Hundreds of people have clashed with police and pro-government supporters in the Libyan city of Benghazi, reports say.
Eyewitnesses told the BBC the overnight unrest followed the arrest of an outspoken critic of the government.
The lawyer was later said to have been released but the protests continued.
Pro-democracy protests have swept through several Arab countries in recent weeks, forcing the leaders of Tunisia and Egypt from power.
A call has been put out on the internet for protests across Libya on Thursday.
‘Police injured’There is no independent confirmation of the overnight protests in Benghazi, but eyewitnesses say that at one stage some 2,000 people were involved.
They say stones were thrown at police who are said to have responded with water cannon, tear gas and rubber bullets.
Footage of the unrest was later posted on the internet.
One clip on Facebook – published by someone who said it was recorded on Tuesday – showed people chanting outside what looked like a police station. Gunshots could be heard in the footage, and later an injured man is seen carried away from the scene.
Libya’s state television showed pictures of several hundred people in Benghazi voicing their support for the government. The government has so far not commented on events in the port city, about 1,000 km (600 miles) east of the capital Tripoli.
Fourteen people were injured, including 10 police officers, the online edition of Libya’s privately-owned Quryna newspaper reported.
One witness, who did not want to be named, later told the BBC: “A couple of people in the crowd started chanting anti-government slogans and the crowd took that on.
- Libya’s second-largest city with some 670,000 residents
- has history of antagonism with Col Gaddafi since 1969 coup
- many relatives of inmates allegedly killed at Abu Salim prison in 1996 live in city
- hit world headlines with HIV infection trial involving Bulgarian nurses and Palestinian doctor in 1998
“But then there were clashes with pro-government supporters and then after a bit the pro-government supporters were dispersed and then the security services arrived and they dispersed the crowds with hot-water cannons.”
Another Benghazi resident told Reuters on Wednesday that the city was now “quiet”.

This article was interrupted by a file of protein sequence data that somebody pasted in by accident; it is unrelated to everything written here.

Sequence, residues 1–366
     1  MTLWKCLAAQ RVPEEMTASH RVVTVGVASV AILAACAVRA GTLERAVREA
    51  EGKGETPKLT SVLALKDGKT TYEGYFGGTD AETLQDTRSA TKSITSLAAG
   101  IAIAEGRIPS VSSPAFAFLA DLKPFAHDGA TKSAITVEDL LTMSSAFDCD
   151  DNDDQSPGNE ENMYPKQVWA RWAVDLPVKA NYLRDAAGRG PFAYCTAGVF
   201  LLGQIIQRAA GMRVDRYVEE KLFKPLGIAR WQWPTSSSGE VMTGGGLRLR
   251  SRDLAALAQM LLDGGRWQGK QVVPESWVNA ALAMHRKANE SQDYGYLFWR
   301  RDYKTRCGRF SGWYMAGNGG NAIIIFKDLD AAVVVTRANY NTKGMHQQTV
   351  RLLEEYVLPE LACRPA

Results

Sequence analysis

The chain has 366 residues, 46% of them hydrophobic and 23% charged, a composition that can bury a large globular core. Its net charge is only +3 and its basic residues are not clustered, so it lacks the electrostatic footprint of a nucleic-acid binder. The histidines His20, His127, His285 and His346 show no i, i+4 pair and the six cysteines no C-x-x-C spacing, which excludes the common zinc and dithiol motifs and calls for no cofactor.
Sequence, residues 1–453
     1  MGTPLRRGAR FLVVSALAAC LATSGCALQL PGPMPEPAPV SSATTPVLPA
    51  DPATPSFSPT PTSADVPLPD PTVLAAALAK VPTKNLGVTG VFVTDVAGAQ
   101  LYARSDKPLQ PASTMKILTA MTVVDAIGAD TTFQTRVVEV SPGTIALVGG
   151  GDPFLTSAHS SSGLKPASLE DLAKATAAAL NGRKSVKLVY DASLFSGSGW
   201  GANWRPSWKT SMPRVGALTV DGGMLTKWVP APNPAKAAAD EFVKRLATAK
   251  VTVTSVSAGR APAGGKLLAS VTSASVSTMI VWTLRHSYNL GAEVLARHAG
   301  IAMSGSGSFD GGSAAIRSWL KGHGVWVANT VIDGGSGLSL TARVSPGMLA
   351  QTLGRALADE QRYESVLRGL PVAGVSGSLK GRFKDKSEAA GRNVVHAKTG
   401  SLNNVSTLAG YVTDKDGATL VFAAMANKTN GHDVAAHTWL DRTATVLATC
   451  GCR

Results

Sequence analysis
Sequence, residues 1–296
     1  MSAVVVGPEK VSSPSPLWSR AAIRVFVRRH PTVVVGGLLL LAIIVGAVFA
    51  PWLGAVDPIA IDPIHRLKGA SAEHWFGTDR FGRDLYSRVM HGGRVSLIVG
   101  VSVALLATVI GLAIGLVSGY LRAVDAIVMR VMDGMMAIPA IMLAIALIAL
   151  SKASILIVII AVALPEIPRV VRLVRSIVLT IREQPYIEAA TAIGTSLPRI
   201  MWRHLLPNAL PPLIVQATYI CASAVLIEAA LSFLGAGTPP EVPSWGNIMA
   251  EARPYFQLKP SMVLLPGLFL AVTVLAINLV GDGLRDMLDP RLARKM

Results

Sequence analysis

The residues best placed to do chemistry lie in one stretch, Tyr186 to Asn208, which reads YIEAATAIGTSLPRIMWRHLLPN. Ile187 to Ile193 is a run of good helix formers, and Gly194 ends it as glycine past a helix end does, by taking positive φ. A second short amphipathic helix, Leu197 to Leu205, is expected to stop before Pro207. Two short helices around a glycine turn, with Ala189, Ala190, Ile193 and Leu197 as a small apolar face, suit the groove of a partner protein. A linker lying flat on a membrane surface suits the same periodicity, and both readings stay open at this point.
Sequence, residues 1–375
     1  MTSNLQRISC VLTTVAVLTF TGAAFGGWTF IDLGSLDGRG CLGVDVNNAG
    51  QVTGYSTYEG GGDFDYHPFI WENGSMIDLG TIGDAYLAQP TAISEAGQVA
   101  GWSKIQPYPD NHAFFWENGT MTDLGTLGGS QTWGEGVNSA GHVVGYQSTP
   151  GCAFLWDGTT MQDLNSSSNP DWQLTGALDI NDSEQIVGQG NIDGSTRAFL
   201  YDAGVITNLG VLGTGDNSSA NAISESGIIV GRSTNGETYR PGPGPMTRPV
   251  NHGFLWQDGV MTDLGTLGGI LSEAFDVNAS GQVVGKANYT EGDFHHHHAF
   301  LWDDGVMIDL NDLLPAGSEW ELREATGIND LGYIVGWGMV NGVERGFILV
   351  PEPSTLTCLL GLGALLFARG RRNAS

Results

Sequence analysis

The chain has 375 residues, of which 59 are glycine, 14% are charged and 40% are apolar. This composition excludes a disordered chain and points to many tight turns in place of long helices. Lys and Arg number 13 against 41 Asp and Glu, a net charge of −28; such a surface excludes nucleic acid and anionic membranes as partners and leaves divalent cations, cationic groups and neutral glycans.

“The banks are open and the students are going to school,” said the witness, who did not want to be identified.
Tuesday’s protests began after the arrest of Fathi Terbil, who represents relatives of more than 1,000 prisoners allegedly massacred by security forces in Tripoli’s Abu Salim jail in 1996, reports say.
Sources say he was held after telling relatives of current inmates that the prison was on fire and urging them to protest. Mr Terbil was later said to have been freed.
Reports from Libya say that 110 members of a banned militant group will be freed from Abu Salim later on Wednesday. It is not clear if the Benghazi clashes and the planned release of the inmates are connected.
Worrying signThe reported unrest comes a day before planned anti-government demonstrations on Thursday, which are being organised via the internet.
Col Gaddafi, who has been in power since 1969, has suggested he might join the protests himself, the BBC’s Jon Leyne reports.
Col Gaddafi has always insisted that the country is run by a series of peoples’ committees, though most outside observers believe it is a police state with him firmly in control, our correspondent says.
He adds that although the Benghazi protest is a worrying sign for Col Gaddafi, it is unlikely that the regime will lose power tomorrow.
The Middle East has seen a wave of protests fuelled by discontent over unemployment, rising living costs, corruption and autocratic leaderships.
This began with the overthrow of Tunisia’s leader, Zine al-Abidine Ben Ali, in January.
Last week, President Hosni Mubarak of Egypt resigned.
In recent days there have also been anti-government demonstrations in Yemen, Bahrain, and Iran.
using the number/letter grid:
1 2 3 4 5 6 7 8 9
A B C D E F G H I
J K L M N O P Q R
S T U V W X Y Z
A = 1 J = 1 S = 1
B = 2 K = 2 T = 2
C = 3 L = 3 U = 3
D = 4 M = 4 V = 4
E = 5 N = 5 W = 5
F = 6 O = 6 X = 6
G = 7 P = 7 Y = 7
H = 8 Q = 8 Z = 8
I = 9 R = 9
his primary challenge = FT = 62 = Arrest. Prisoner. Dealing with restrictions.